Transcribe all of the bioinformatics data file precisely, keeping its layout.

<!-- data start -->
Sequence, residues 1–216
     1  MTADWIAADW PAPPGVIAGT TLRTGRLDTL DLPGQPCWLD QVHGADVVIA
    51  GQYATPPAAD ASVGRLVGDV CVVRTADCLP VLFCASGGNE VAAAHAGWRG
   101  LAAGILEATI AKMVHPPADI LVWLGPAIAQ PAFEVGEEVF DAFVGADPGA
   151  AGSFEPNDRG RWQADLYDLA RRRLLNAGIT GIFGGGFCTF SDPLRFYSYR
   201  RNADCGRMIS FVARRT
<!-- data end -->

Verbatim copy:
Sequence, residues 1–216
     1  MTADWIAADW PAPPGVIAGT TLRTGRLDTL DLPGQPCWLD QVHGADVVIA
    51  GQYATPPAAD ASVGRLVGDV CVVRTADCLP VLFCASGGNE VAAAHAGWRG
   101  LAAGILEATI AKMVHPPADI LVWLGPAIAQ PAFEVGEEVF DAFVGADPGA
   151  AGSFEPNDRG RWQADLYDLA RRRLLNAGIT GIFGGGFCTF SDPLRFYSYR
   201  RNADCGRMIS FVARRT